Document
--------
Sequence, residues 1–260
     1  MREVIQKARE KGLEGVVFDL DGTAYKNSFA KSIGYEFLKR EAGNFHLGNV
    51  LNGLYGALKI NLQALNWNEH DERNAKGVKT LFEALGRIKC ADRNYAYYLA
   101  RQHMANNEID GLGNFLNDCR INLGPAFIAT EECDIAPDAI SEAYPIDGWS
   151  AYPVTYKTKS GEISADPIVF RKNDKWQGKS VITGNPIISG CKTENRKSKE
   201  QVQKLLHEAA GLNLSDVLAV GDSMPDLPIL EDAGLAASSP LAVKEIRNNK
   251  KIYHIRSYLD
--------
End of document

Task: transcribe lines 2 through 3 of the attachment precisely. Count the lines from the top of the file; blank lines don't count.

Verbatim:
     1  MREVIQKARE KGLEGVVFDL DGTAYKNSFA KSIGYEFLKR EAGNFHLGNV
    51  LNGLYGALKI NLQALNWNEH DERNAKGVKT LFEALGRIKC ADRNYAYYLA